Shemia Fagan shows her "Vote" tattoo
Secretary of State Shemia Fagan shows her “Vote” tattoo. (Photo by Ron Cooper/Oregon Capital Chronicle)

Tuesday is the last day to register to vote or choose a political party in time to vote in the May primary election. 

Oregon has closed primaries, meaning only registered Democrats or Republicans get to vote in primary elections for most races, including governor, Congress, the U.S. Senate and the Legislature.

The more than 1.2 million voters who aren’t Democrats or Republicans will still receive primary ballots, but they’ll have fewer races. Every voter gets to participate in the nonpartisan primary for the next commissioner of the state Bureau of Labor and Industries and in judicial races, and voters in some counties will have local offices like county commission or district attorney on their ballots.

Oregonians can check to see if they are registered to vote and for which party by going to visit Entering the name and birthdate will show the party affiliation, address and confirm whether the individual is listed as an active voter. Voters can also update their registration online.

Registering to vote online requires an Oregon driver’s license or state-issued ID card.

Anyone who doesn’t have a state-issued driver’s license or other ID can register with a paper form that can be printed online or picked up in person at their county elections office. 

Unlike other mail, ballots can’t be forwarded. A voter who moved since the last time they voted without updating their address won’t automatically receive a ballot in the mail. Voters in that circumstance can still vote as long as they update their voter registration with a current address by 8 p.m. on Election Day, Tuesday, May 17.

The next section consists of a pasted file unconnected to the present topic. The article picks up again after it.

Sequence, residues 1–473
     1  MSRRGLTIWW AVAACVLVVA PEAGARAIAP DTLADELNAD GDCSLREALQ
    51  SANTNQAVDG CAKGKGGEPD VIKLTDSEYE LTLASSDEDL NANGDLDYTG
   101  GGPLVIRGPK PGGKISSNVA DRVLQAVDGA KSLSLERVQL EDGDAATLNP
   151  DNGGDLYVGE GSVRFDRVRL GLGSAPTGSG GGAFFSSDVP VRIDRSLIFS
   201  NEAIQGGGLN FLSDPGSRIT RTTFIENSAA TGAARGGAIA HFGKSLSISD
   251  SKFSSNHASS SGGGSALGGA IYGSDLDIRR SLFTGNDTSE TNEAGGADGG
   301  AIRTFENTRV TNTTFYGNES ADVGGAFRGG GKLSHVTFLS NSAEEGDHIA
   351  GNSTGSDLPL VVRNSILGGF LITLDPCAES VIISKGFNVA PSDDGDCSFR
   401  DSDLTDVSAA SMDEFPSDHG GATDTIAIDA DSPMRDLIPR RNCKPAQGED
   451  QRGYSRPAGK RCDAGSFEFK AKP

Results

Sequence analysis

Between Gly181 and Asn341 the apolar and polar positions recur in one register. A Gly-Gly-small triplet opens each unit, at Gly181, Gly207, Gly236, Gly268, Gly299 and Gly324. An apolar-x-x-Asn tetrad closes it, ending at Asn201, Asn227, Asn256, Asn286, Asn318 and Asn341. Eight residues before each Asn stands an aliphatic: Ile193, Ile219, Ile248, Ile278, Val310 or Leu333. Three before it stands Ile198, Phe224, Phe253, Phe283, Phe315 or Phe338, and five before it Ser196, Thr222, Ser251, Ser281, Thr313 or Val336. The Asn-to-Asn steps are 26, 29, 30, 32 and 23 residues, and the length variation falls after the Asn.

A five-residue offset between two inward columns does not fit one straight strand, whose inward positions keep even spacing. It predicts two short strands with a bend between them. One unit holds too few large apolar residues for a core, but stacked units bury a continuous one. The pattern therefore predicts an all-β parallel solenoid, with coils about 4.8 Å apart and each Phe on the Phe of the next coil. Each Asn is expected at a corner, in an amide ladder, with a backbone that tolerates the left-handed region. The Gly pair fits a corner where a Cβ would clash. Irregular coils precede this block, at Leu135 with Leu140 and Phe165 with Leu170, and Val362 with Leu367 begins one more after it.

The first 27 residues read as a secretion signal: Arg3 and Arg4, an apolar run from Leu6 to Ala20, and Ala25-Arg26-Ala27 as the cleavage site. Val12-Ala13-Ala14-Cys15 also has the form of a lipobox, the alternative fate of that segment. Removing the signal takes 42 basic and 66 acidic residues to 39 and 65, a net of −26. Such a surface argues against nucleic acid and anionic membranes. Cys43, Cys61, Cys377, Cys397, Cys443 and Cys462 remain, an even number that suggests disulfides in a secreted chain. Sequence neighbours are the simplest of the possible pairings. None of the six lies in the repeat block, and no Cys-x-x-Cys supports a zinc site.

Elections officials recommend that voters contact their county clerk to update an address after Tuesday, April 26. 

Oregon Capital Chronicle is part of States Newsroom, a network of news bureaus supported by grants and a coalition of donors as a 501c(3) public charity. Oregon Capital Chronicle maintains editorial independence. Contact Editor Les Zaitz for questions: Follow Oregon Capital Chronicle on Facebook and Twitter.

Julia Shumway, Oregon Capital Chronicle

Julia Shumway has reported on government and politics in Iowa and Nebraska, spent time at the Bend Bulletin and most recently was a legislative reporter for the Arizona Capitol Times in Phoenix. An award-winning journalist, Julia most recently reported on the tangled efforts to audit the presidential results in Arizona.